Preprocessing.
In the preprocessing step, two different methods were applied to the images: image registration and vessel removal. 
  1.  
    Registration will provide a geometric alignment across modalities to identify corresponding pixels that represent the same scene. This multimodal image registration was performed by using a semiautomatic affine method, where the images are deformed to accurately match user-specified points or landmarks.25 In this study, three corresponding landmarks on prominent image locations, such as vessel bifurcations, were manually selected on each modality and used to perform the registration.
  2.  
    To reduce intensity variations due to presence of vessels, the retinal vasculature was removed from the images. The vasculature was automatically extracted by using a previously developed algorithm26 and used as input in an inpainting algorithm,27 which removes the vessels by interpolating intensities at the supplied image locations. Figure 1 shows an example CF image (Fig. 1A), FAF image (Fig. 1B), and NIR image (Fig. 1C) of an eye and Figures 1D through 1F shows their corresponding images after vessel removal, respectively.
Figure 1
 
Coregistered (A) CF, (B) FAF, and (C) NIR images and their corresponding results after vessel removal (D–F).
Figure 1
 
Coregistered (A) CF, (B) FAF, and (C) NIR images and their corresponding results after vessel removal (D–F).
Feature Extraction.
To perform an automatic analysis of the images, the machine learning algorithm uses information that is extracted from the images and encoded in numerical values or so-called features. To do so, each color channel of the CF image, as well as the FAF and NIR image, was separately convolved with a set of Gaussian filters. These filters are based on Gaussian derivatives up to second order at different scales and are invariant to rotation and translation.28 For each resulting filtered image, the mean, standard deviation, skewness, and kurtosis values in a circular neighborhood around each pixel were calculated. The corresponding features for each pixel were then obtained by concatenating these extracted values in a single feature vector. 
Classification and Quantification.
To determine whether a pixel is part of an RPD area, a random forest classifier was used to obtain an automatic classification based on the calculated features. This classifier operates by constructing a multitude of decision boundaries (trees) to make a separation between multiple classes.29 After training, the random forest classifier provided a probability between 0 and 1 indicating the probability that the pixel belongs to an RPD area, based on labeled training examples and the input pixel feature vector. Figure 2 shows the images of the modalities of an example eye (Figs. 2AC) and the output of the classifier (Fig. 2D). Finally, an image score indicating the likelihood of the eye examination to contain RPD was assigned by taking the 99th percentile of the obtained probability map. 
Figure 2
 
Example of the classification result obtained by the proposed machine learning algorithm. Given that an eye examination consisted of (A) a CF image, (B) an FAF image, and (C) an NIR image, the algorithm outputs (D) a probability map indicating the likelihood for each pixel to be part of an RPD area. Red values indicate higher probability to be RPD.
Figure 2
 
Example of the classification result obtained by the proposed machine learning algorithm. Given that an eye examination consisted of (A) a CF image, (B) an FAF image, and (C) an NIR image, the algorithm outputs (D) a probability map indicating the likelihood for each pixel to be part of an RPD area. Red values indicate higher probability to be RPD.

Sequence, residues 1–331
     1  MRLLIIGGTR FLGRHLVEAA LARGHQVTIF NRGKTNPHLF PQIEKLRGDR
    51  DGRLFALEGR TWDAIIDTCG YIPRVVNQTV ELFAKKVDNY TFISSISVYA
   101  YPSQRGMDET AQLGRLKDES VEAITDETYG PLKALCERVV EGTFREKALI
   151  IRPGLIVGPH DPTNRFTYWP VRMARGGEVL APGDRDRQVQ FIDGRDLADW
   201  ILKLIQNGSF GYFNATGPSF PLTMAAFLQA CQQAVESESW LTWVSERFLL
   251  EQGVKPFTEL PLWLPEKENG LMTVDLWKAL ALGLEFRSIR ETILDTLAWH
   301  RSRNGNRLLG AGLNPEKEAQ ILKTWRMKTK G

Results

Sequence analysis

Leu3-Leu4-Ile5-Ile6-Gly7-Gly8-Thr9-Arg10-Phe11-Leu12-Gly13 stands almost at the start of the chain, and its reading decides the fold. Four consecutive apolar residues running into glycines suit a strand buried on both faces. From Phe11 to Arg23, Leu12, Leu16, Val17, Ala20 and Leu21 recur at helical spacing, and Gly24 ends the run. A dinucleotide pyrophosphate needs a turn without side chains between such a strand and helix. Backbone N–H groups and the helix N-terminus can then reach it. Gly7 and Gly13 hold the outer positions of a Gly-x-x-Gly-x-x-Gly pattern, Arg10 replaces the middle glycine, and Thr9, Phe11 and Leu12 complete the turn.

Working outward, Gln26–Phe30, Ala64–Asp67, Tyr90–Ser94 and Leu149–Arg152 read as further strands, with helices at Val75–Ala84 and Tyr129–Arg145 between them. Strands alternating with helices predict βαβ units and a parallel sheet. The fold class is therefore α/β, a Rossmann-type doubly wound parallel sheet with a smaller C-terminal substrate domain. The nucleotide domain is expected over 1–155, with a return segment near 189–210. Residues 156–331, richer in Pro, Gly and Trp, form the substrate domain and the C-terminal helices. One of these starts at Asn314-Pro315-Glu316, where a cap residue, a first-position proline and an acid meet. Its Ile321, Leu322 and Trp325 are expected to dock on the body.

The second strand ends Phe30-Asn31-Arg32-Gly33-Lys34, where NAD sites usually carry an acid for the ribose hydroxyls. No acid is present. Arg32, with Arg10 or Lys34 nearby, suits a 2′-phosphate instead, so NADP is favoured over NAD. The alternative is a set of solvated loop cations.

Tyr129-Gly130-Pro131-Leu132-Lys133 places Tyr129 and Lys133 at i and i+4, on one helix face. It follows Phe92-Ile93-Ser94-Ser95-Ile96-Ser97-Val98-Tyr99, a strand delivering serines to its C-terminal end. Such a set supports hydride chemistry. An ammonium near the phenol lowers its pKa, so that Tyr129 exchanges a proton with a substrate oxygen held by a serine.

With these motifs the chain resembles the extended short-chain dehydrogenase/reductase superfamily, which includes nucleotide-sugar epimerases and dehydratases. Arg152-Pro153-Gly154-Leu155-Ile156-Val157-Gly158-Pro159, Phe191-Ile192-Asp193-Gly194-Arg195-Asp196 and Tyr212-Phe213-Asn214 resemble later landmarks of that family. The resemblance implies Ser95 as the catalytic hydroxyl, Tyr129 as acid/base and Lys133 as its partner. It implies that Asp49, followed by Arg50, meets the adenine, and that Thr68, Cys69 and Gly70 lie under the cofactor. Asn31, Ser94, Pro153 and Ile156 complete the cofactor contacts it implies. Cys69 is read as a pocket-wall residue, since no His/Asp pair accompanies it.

To quantify the area covered by RPD, a threshold was set on the probability map. This threshold was image based and experimentally determined as the 55th percentage of the maximum value of the probability map. Only the area inside the Early Treatment Diabetic Retinopathy Study (ETDRS) grading grid was taken into account for the quantification. 
Statistical Analysis
The performance of the observers and the proposed machine learning algorithm for the single- and multimodality approaches was evaluated by measuring the area (Az) under the receiver operating characteristic (ROC) curve.30 Statistical comparisons were made by using bootstrap analysis with 5000 bootstraps.31 Bootstrap analysis is an nonparametric test that is commonly used to estimate the variance of ROC analysis. Results with a P value lower than 0.05 were seen as statistically significant. Bonferroni correction was applied to counteract the problem of multiple comparisons.32 For observers, κ statistics were also reported to assess interobserver variability.33 As the proposed machine learning algorithm requires labeled example data for training, the evaluation was performed by using a patient-based leave-one-out strategy.34 
Automatic quantification of RPD area was evaluated by calculating the percentage of detected RPD area inside the ETDRS grading grid and was compared with the observer delineations. The RPD area agreement with observers was measured by using intraclass correlation (ICC) statistics. 
Results
Image Quality Assessment
Table 1 shows the image quality analysis of the observers for the different image modalities. Of the 278 eyes, only 172 (61.9%) were graded by both observers as having all image modalities with good quality and were established as the “good quality” set for the subsequent data analysis. Bad quality of the FAF image was the main reason for a bad-quality indication for the multimodal examination (CF+FAF+NIR). 
Table 1
 
Number and Percentage of Good-Quality Images as Indicated by Observers for the Different Image Modalities Independently
Table 1